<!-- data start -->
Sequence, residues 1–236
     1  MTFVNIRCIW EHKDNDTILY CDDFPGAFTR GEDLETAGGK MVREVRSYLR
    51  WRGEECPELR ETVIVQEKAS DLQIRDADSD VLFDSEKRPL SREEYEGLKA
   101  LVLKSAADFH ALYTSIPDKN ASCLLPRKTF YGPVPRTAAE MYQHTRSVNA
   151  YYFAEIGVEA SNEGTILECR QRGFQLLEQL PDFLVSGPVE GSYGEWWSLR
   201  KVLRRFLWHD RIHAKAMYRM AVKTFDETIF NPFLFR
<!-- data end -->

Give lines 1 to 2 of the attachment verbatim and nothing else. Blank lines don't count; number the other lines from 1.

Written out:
Sequence, residues 1–236
     1  MTFVNIRCIW EHKDNDTILY CDDFPGAFTR GEDLETAGGK MVREVRSYLR